Journal Articles
Australian Zoologist (2014) 32 (3): 480–481.
Published: 17 March 2014
...). Roosting Ecology of Bats. Pp. 1-46 in Ecology of Bats, edited by T.H. Kunz. Plenum Press, New York and London. Ecology of Bats 1 46 Lunney, D. Barker, J., Priddel, D. and O’Connell, M.O. 1988. Roost selection by Gould's Long-eared Bat Nyctophilus gouldi Tomes (Chirpotera: Vespertilionidae...
Journal Articles
Australian Zoologist (2014) 30 (3): 329.
Published: 17 March 2014
... rainforests. Aust. Plants 9: 349-63. A general classification of Australian rainforests Aust. Plants 9 349 63 The Little Bent-wing Bat Minioptems australis roosting in a tree hollow Martin Schulzl 'Faculty of Resource Science and Management, Southern Cross University, P.O. Box 157, Lismore, New...
Book Chapter
Series: Other RZS NSW Publications
Publisher: Royal Zoological Society of New South Wales
Published: 01 January 2011
DOI: 10.7882/FS.2011.032
EISBN: 978-0-9803272-4-3
Book Chapter
Series: Other RZS NSW Publications
Publisher: Royal Zoological Society of New South Wales
Published: 01 January 2011
DOI: 10.7882/FS.2011.029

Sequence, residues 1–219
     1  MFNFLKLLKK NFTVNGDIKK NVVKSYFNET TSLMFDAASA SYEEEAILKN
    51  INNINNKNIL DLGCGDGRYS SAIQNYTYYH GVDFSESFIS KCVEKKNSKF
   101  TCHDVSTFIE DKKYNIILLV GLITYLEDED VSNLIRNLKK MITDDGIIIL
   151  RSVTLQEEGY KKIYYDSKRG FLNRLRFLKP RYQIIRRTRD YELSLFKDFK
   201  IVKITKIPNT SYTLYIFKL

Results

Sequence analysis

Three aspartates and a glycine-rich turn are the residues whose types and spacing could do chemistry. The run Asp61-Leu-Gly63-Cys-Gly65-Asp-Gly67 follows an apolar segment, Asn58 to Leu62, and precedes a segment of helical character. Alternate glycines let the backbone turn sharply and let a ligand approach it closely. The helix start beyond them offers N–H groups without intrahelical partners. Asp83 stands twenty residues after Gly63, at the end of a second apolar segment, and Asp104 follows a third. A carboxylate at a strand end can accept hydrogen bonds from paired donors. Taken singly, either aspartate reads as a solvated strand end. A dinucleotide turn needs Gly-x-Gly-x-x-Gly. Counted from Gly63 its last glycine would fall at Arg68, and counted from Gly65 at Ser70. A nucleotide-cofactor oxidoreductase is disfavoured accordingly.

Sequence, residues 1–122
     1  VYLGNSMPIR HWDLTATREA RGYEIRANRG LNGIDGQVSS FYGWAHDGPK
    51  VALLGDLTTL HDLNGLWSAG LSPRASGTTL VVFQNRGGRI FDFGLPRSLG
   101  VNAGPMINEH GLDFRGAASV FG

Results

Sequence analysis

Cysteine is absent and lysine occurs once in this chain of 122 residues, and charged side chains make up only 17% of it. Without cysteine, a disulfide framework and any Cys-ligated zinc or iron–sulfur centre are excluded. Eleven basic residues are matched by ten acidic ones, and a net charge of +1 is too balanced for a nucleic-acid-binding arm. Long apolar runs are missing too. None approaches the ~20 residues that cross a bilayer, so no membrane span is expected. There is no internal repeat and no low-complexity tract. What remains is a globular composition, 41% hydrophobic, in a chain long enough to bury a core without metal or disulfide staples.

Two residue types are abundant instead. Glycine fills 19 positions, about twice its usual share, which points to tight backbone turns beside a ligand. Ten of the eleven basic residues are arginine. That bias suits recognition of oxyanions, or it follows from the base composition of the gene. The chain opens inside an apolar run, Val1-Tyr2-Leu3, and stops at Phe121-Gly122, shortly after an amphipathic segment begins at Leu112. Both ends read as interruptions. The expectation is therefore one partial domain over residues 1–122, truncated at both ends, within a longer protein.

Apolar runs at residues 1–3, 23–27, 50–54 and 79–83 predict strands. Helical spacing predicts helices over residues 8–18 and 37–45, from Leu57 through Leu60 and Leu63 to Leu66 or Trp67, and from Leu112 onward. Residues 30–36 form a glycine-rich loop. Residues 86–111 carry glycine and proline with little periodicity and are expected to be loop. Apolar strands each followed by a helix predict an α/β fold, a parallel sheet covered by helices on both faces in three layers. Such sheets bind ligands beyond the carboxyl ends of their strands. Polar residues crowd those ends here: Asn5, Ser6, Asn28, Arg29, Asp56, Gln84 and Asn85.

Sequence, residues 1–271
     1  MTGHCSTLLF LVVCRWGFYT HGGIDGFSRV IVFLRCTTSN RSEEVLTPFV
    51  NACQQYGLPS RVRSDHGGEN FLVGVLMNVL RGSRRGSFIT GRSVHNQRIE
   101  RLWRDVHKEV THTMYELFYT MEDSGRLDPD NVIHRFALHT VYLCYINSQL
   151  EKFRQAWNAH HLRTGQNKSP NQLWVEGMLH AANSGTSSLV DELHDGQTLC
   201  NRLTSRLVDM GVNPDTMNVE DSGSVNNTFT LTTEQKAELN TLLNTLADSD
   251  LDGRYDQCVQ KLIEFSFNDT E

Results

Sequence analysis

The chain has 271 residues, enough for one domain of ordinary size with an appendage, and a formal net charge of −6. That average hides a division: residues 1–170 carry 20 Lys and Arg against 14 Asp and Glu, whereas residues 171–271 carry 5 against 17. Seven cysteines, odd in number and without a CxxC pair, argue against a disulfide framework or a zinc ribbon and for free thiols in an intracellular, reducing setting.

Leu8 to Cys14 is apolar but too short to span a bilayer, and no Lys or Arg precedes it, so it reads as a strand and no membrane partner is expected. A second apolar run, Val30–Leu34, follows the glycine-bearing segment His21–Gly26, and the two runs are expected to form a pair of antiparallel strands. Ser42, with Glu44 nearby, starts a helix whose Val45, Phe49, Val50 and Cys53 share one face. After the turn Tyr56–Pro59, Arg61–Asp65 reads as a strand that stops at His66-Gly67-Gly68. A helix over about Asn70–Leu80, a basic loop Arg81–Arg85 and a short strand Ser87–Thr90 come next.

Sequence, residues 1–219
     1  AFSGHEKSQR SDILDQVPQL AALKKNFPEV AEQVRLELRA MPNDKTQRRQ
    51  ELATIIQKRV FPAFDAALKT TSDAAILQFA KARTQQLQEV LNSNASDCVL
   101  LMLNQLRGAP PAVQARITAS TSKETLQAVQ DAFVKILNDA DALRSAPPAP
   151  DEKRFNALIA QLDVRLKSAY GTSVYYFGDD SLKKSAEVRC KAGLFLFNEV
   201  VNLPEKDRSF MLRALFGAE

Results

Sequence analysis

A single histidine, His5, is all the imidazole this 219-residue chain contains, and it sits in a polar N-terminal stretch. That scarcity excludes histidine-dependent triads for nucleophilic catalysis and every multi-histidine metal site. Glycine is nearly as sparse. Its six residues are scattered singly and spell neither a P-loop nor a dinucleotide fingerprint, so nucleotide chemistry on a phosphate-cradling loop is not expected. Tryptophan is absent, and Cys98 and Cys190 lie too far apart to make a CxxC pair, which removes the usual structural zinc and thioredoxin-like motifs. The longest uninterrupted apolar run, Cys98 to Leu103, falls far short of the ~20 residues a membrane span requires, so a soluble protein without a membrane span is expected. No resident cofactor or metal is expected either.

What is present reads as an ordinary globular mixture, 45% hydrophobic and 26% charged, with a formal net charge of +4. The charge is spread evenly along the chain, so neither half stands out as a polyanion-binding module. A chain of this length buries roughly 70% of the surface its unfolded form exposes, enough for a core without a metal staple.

EISBN: 978-0-9803272-4-3
... Bats in suburban areas face a number of challenges adapting to what is a highly altered landscape. This is particularly true for species that prefer tree hollows for day roosts because the large, old trees that have developed suitable hollows are often removed from suburban areas. In suburban...
Book Chapter
Series: Other RZS NSW Publications
Publisher: Royal Zoological Society of New South Wales
Published: 01 January 2011
DOI: 10.7882/FS.2011.047
EISBN: 978-0-9803272-4-3
... Over-winter roosting sites for Eastern Bent-wing Bats Miniopterus schreibersii oceanensis occur in urban areas including parts of greater Sydney. Most of the known over-winter roost sites in Sydney are located in the northern and western suburbs (Hoye and Spence 2004). Only one roosting site...
Book Chapter
Series: Other RZS NSW Publications
Publisher: Royal Zoological Society of New South Wales
Published: 01 January 2011
DOI: 10.7882/FS.2011.030
EISBN: 978-0-9803272-4-3
... equipment. Accounts by island residents indicate that bats were present in reasonable numbers following the 2 nd World War but numbers declined dramatically from the early 1960s. Eight former bat roosts were described by island residents. Five of the roosts occurred in hollow-bearing Norfolk Island Pines...
Journal Articles
Australian Zoologist (2017) 38 (4): 629–642.
Published: 01 September 2017
...Leroy Gonsalves; Brad Law ABSTRACT The Large-footed Myotis Myotis macropus is a threatened echolocating bat that uses a specialised ‘trawling' foraging strategy to hunt for aquatic prey. While the species is well known in freshwater habitats, in 2014 it was recorded for the first time roosting...